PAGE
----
A story, by definition, needs a point. As Villar puts it, “there’s always a story behind the data. I always tell my analytics team that everyone can put a report together. With digital marketing, there are so many data points that sometimes people are obsessed with very shallow metrics: email open rate, email click rate, post engagements, etc. The question you should be asking is how that influences your brand, and how that drives the bottom line. How does that translate into value for your client? Piece that story together and put things into narratives.”

 

Take care of your engine before burning more fuel

When asked about a daily habit, Villar cites meditation as the most nourishing. As with many startup founders, a lot of what he does is self-imposed suffering. Villar recommends meditation for startup founders who’re dealing with anxiety: “At the end of the day, you take a step back and you feel like everything is okay. If you zoom into the everyday chaos of your life, everything feels hopeless and f*cked and there’s no end in sight. But if you could excuse yourself from that battle, climb up the mountain top and feel like ‘okay, I just need to do this and this,’ then it’s not that bad.” 

Villar knows too well that founders don’t have the luxury of work-life balance, but agrees that a part of VC funding should go into making sure founders don’t crash and burn. Sitting in 500 Startups office with a coffee in his hand at 6PM, he shares: “I don’t buy into this hustle-until-you-die culture. At the end of the day, you should still care for your health. Hug your kids. Do whatever makes you happy.” He then returns to taking evening calls with his team based in Los Angeles and Manila.

 

Written by Lace Nguyen

NOTE: This article reflects the personal views of Lace Nguyen and not necessarily the views of 500 Startups. Nothing in this article should be construed as an offer, invitation or solicitation for investment, or be construed as investment advice. Data provided is as reported by portfolio companies, third-party sources, and/or internal estimates and may not have been independently verified.

San Francisco
814 Mission St., 6th Floor
San Francisco, CA 94103, USA

© 2010-2019 500 Startups

5 things you’ll learn in the 500 Startups’ accelerator program

5 things you’ll learn in the 500 Startups’ accelerator program

Written by Poornima Vijayashanker

As a founder you might be thinking, “Is a startup accelerator program worth my time? What could I possibly learn from a startup accelerator program that I couldn’t just learn on my own?”

I’d say if you have a network filled with prospective investors, employees, customers, and attorneys who have years of expertise on the ins and outs of your the particular market and industry your company is serving, and of course, the time to share all of it, you’re all set ?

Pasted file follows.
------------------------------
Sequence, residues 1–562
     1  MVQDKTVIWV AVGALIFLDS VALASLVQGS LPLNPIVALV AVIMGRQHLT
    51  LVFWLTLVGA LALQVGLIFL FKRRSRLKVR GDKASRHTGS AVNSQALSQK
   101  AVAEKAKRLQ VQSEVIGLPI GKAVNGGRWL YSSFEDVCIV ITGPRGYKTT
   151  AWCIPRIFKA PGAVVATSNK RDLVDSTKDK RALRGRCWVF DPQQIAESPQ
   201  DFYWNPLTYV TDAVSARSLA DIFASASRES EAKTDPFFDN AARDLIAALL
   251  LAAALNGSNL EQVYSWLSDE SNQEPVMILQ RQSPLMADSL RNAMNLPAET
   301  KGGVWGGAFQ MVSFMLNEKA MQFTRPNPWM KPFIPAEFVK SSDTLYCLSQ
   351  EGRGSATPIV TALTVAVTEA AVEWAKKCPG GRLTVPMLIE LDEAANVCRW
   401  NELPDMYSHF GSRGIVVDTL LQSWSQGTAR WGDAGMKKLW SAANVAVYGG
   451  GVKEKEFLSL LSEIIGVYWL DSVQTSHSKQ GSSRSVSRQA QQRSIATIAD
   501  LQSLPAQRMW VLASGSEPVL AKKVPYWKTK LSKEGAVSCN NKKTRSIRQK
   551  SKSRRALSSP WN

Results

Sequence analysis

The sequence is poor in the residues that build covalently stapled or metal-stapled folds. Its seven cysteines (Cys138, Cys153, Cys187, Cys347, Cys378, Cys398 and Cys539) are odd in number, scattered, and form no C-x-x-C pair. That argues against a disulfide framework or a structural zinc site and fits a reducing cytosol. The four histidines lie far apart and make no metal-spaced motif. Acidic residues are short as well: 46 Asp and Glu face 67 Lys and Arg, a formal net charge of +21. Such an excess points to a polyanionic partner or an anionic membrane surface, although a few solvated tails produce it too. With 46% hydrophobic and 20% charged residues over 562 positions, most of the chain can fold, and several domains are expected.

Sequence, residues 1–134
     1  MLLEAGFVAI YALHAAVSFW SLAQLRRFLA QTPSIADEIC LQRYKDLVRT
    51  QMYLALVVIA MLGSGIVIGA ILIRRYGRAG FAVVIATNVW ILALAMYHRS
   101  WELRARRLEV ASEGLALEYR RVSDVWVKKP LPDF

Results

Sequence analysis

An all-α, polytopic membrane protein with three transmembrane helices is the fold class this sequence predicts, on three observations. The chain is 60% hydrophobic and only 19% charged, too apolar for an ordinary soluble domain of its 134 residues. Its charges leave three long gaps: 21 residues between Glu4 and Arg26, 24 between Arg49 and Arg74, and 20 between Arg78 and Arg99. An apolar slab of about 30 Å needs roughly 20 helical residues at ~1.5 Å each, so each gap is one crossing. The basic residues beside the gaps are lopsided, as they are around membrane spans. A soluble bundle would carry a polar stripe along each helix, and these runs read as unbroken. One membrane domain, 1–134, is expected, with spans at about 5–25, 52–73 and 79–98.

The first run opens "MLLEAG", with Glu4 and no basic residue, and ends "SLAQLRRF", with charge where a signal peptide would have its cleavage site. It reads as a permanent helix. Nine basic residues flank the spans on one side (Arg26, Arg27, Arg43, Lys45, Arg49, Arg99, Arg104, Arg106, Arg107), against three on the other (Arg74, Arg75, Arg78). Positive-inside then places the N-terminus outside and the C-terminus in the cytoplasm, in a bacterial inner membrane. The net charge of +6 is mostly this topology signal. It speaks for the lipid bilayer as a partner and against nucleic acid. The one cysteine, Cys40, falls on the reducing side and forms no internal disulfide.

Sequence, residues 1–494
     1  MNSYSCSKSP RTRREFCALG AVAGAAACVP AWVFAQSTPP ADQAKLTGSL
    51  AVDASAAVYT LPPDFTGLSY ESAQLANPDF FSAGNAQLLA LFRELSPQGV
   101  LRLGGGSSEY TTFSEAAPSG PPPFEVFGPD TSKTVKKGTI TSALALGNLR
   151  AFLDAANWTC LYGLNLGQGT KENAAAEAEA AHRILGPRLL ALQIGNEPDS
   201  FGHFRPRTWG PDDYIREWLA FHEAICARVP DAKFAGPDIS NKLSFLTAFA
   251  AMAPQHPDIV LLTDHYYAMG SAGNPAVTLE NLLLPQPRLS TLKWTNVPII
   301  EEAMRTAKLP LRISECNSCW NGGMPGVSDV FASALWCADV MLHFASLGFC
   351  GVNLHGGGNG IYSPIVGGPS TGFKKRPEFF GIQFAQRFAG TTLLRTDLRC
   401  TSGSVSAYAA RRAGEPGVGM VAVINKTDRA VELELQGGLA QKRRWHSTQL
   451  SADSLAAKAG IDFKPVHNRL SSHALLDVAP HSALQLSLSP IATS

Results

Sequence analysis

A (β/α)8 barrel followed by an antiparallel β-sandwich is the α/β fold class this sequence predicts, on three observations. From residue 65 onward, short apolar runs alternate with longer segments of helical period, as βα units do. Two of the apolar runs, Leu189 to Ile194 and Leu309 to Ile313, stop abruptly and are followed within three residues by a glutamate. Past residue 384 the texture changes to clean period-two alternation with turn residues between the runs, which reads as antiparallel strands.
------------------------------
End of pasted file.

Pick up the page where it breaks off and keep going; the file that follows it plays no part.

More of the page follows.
Don’t have it all? Here are 5 things you’ll learn, specifically from the 500 Startups’ accelerator!

PreMoney 2018

1. The startup accelerator program keeps up-to-date on what is going on in the fundraising market.

The fundraising market is continuously in flux.

One area of flux is the amount of investment. In a span of 15 years, the private investment market has gone from contracting to expanding to contracting again. Many factors contribute to this caterpillar effect, here are a couple:

Fundraising typically expands during a period where companies have exited by either going public or have gotten acquired. As a result, founders decide to put their new funds to use by becoming an angel investor or contributing to private investment funds in hopes of receiving better returns than what public markets are providing at the time. Venture capitalists operate the same but manage other people’s money and receive it from limited partners.

Contraction soon follows an expansionary period, and how much depends on if there was a glut of companies that received funding, who couldn’t raise additional capital, were not able to successfully exit, or if limited partners and angel investors start pulling back and scrutinizing investment practices and areas. Usually, they go into a holding period until one of their investments has successfully exited.

As a busy startup founder, do you think you’ll have time to keep up with the flux?

In the 500 Startups’ Accelerator, our staff is dedicated to keeping up with these trends. You’ll have an opportunity to meet with them, and learn what matters to the success of your company, such as:

  • how to grow your company to attract investment
  • how much capital you need to raise
  • which investors are actively looking at companies like yours and writing check
  • what are acceptable or unacceptable deal terms, for you and your investors